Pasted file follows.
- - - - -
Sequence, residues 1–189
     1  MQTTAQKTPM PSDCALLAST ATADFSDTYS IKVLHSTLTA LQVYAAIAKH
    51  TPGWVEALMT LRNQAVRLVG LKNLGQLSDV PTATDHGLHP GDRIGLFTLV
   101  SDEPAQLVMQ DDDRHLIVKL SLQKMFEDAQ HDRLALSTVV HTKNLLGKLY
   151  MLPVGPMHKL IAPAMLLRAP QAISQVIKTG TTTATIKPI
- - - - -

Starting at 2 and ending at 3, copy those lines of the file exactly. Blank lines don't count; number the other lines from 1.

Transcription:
     1  MQTTAQKTPM PSDCALLAST ATADFSDTYS IKVLHSTLTA LQVYAAIAKH
    51  TPGWVEALMT LRNQAVRLVG LKNLGQLSDV PTATDHGLHP GDRIGLFTLV